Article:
14. An article of footwear as defined in claim 13, wherein said J-shaped element comprises a guidepath for guiding said strap.
15. An article of footwear as defined in claim 14, wherein said fastening tail is adapted to be inserted between two layers of said quarter of said footwear upper.
16. An article of footwear as defined in claim 15, wherein said fastening tail is thin enough to have stitches sewn through it but thick enough to be affixed to said footwear upper.
17. An article of footwear as defined in claim 16, wherein said J-shaped element includes a strap passageway through which said strap passes in order to complete a loop.
18. An article of footwear as defined in claim 17, wherein said strap at least partially wraps around said curved neck portion and sandwiches said fastening tail at one end thereof.
19. A speed lacing device comprising:
(a) a J-shaped element comprising a curved neck portion and a fastening tail, said fastening tail being adapted to be fastened to a quarter of a footwear; and
(b) a strap extending around said J-shaped element for forming therewith a closed loop for receiving a lacing cord, said strap being adapted to at least partially sandwich said fastening tail and be fastened to a quarter of a footwear.
20. A speed lacing device as defined in claim 19, wherein said curved neck portion comprises a convex surface defining a first sliding surface portion and said fastening tail comprises a second sliding surface portion, said first and second surface portions defining together an almost-friction-free sliding surface for the lacing cord.
21. A speed lacing device as defined in claim 20 wherein said second sliding surface portion directs the lacing cord into said first sliding surface portion when the lacing cord is put under tension.
22. A speed lacing device as defined in claim 21, wherein said convex surface extends across the entire width of said curved neck portion.
23. A speed lacing device as defined in claim 22, wherein said J-shaped element comprises a guidepath for guiding said strap.
24. A speed lacing device as defined in claim 23, wherein said fastening tail is adapted to be inserted between two layers of a quarter of a footwear.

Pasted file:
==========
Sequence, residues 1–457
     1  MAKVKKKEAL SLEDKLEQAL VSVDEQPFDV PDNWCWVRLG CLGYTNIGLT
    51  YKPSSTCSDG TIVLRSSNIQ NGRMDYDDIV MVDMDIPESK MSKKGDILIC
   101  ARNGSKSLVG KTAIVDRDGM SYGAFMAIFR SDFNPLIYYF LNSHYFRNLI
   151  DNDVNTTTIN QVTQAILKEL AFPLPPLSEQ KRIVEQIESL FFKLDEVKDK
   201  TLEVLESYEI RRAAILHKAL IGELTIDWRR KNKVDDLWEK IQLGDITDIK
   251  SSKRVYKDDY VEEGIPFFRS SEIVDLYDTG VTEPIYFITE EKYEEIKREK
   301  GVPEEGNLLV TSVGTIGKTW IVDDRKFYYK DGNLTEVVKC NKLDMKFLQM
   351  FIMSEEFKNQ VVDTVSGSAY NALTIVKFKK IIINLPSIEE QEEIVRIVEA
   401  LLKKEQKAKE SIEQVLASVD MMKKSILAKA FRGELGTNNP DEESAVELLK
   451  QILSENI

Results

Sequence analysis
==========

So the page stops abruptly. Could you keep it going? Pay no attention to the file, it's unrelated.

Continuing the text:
25. A speed lacing device as defined in claim 24, wherein said fastening tail is thin enough to have stitches sewn through it but thick enough to be affixed to a footwear.
26. A speed lacing device as defined in claim 25, wherein said strap at least partially wraps around said curved neck portion and sandwiches said fastening tail at one end thereof.
27. A speed lacing device as defined in claim 26, wherein said J-shaped element includes a strap passageway through which said strap passes in order to complete a loop.
28. A speed lacing device comprising:
(a) a rigid portion comprising a curved neck and a fastening tail that together define an almost-friction-free sliding surface for a lacing cord that is in contact with said almost-friction-free sliding surface in either a state of tension or a state of relaxation; and
(b) a flexible portion that extends from the rigid portion to form an upper half of a closed loop for receiving the lacing cord, said flexible portion being adapted to lie directly on top of said fastening tail at a point where said fastening tail and said flexible portion are securely fastened to a footwear, said fastening tail and said flexible portion together being thin enough to have stitches sewn through, but thick enough to be affixed to a footwear.
29. A speed lacing device comprising:
(a) a J-shaped element having a curved neck portion and a fastening tail that together define a sliding surface for a lacing cord, said curved neck portion comprising a back portion with a guidepath; and
(b) a strap forming with said J-shaped element a closed loop for receiving the lacing cord, said strap contacting said guidepath.
30. A speed lacing device as defined in claim 29 wherein said curved neck portion further comprises a passageway for receiving said strap.
31. A speed lacing device as defined in claim 30 wherein said sliding surface comprises a first surface portion provided on said curved neck portion and a second surface portion provided on said fastening tail.
32. A speed lacing device as defined in claim 31 wherein said second surface portion of said fastening tail directs the lacing cord into said first surface portion of said curved neck portion when the lacing cord is put under tension.
33. A speed lacing device as defined in claim 32, wherein said first surface portion is a convex surface extending across the entire width of said curved neck portion.
34. A speed lacing device as defined in claim 29, wherein said fastening tail is insertable between two layers of a footwear.
35. A speed lacing device as defined in claim 29, wherein said strap at least partially wraps around said curved neck portion and sandwiches said fastening tail at one end thereof.
36. A speed lacing device as defined in claim 29, wherein said fastening tail and said strap are thin enough to have stitches sewn through them but thick enough to be affixed to a footwear.
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US9700101B2 (en) 2013-09-05 2017-07-11 Boa Technology Inc. Guides and components for closure systems and methods therefor
US9681705B2 (en) 2013-09-13 2017-06-20 Boa Technology Inc. Failure compensating lace tension devices and methods
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CA2329692A1 (en) 2002-06-28 application
US20020083619A1 (en) 2002-07-04 application